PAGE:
These hauntingly beautiful lands which somehow never satisfy,—this passion to escape from death plus the certainty that life owes all its charm to mortality—these push you on to the real thing because they fill you with desire and yet prove absolutely clearly that in Morris’s world that desire cannot be satisfied.
The [George] MacDonald conception of death—or, to speak more correctly, St Paul’s—is really the answer to Morris: but I don’t think I should have understood it without going through Morris. He is an unwilling witness to the truth. He shows you just how far you can go without knowing God, and that is far enough to force you . . . to go further.
Now what Dyson and Tolkien showed me was this: that if I met the idea of sacrifice in a Pagan story I didn’t mind it at all: again, that if I met the idea of a god sacrificing himself to himself . . . I liked it very much and was mysteriously moved by it: again, that the idea of the dying and reviving god (Balder, Adonis, Bacchus) similarly moved me provided I met it anywhere except in the Gospels. The reason was that in Pagan stories I was prepared to feel the myth as profound and suggestive of meanings beyond my grasp even tho’ I could not say in cold prose ‘what it meant’.
Now the story of Christ is simply a true myth: a myth working on us in the same way as the others, but with this tremendous difference that it really happened.
If Sullivan’s observation that religion is “in our genes” has any truth, it means that the world of men can never be all. We start from the fact that man has declared God dead yet the Cult of Men lies in pieces on the ground. We cannot remain paralyzed where we are. Whether you agree with Lewis or not, it is hard not grasp the attraction of betting that there’s something bigger than the global world. We have gone far, far enough at least to force us to go further.
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Custer’s Trials: A Life on the Frontier of a New America, by T.J. Stiles. Winner of the 2016 Pulitzer Prize in History, this book paints a portrait of Custer that demolishes historical caricature, revealing a volatile, contradictory, intense person — capable yet insecure, intelligent yet bigoted, passionate yet self-destructive, a romantic individualist at odds with the institution of the military (he was court-martialed twice in six years). The key to understanding Custer, Stiles writes, is keeping in mind that he lived on a frontier in time. In the Civil War, the West, and many other areas, Custer helped to create modern America, but could never adapt to it. Stiles casts surprising new light on a near-mythic American figure, a man both widely known and little understood.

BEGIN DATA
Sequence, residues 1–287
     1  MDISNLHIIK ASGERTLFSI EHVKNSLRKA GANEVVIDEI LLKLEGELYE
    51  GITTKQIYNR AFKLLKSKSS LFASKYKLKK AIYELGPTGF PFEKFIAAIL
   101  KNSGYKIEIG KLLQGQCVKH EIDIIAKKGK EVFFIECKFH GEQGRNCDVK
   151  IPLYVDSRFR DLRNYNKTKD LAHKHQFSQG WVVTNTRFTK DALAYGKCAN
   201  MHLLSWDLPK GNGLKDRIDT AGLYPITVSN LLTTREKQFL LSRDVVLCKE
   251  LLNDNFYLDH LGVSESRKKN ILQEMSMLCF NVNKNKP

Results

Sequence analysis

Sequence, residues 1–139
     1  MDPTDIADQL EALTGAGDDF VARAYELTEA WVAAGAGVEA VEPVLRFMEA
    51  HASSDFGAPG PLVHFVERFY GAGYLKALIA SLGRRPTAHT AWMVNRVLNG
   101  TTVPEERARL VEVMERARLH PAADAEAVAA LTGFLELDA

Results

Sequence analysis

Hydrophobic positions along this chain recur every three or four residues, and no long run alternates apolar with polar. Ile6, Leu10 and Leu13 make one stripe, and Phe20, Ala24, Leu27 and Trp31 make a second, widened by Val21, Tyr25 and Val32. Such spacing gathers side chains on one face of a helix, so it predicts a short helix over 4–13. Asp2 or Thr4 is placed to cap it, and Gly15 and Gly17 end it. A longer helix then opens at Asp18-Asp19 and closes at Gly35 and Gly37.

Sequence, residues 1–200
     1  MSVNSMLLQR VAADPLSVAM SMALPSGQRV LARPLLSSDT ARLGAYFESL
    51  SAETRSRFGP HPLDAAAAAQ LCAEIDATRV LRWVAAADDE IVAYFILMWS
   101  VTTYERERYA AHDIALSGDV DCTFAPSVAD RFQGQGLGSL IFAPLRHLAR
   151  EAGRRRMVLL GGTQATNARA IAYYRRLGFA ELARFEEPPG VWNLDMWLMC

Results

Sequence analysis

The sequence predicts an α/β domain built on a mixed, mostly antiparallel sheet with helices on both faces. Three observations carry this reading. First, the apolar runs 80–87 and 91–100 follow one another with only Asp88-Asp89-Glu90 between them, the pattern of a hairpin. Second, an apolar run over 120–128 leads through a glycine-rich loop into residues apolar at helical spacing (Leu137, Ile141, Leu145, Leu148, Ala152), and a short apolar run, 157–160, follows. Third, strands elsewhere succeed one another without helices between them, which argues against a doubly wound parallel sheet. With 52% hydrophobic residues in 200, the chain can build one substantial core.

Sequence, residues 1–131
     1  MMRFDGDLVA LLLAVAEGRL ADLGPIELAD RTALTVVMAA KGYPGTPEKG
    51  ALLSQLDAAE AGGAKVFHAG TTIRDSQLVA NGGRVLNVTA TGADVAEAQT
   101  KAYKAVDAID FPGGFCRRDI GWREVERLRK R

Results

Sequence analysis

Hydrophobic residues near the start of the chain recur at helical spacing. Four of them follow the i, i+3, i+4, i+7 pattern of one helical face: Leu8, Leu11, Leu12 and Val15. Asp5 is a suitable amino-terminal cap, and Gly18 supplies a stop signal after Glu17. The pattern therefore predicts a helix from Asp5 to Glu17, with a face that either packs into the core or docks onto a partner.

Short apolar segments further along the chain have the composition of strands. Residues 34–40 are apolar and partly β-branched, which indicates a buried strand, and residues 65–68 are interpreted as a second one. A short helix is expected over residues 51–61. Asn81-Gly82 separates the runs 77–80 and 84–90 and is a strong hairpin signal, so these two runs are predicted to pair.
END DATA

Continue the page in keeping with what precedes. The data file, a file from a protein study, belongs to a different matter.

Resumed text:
Tribe: On Homecoming and Belonging, by Sebastian Junger. We have a strong instinct to belong to small groups defined by clear purpose and understanding or “tribes,” a connection now largely lost. But its pull on us remains and is exemplified by combat veterans who find themselves missing the intimate bonds of platoon life at the end of deployment and the high rates of post-traumatic stress disorder suffered by military veterans today. Combining history, psychology, and anthropology, Junger explores what we can learn from tribal societies about loyalty, belonging, and the eternal human quest for meaning. He explains why we are stronger when we come together, and how that can be achieved even in today’s divided world.
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The War of the Words, Understanding the crisis of the early 21st century in terms of information corruption in the financial, security and political spheres
Rebranding Christianity, or why the truth shall make you free
The Three Conjectures, reflections on terrorism and the nuclear age
Storming the Castle, why government should get small
No Way In at Amazon Kindle. Fiction. A flight into peril, flashbacks to underground action.
Storm Over the South China Sea, how China is restarting history in the Pacific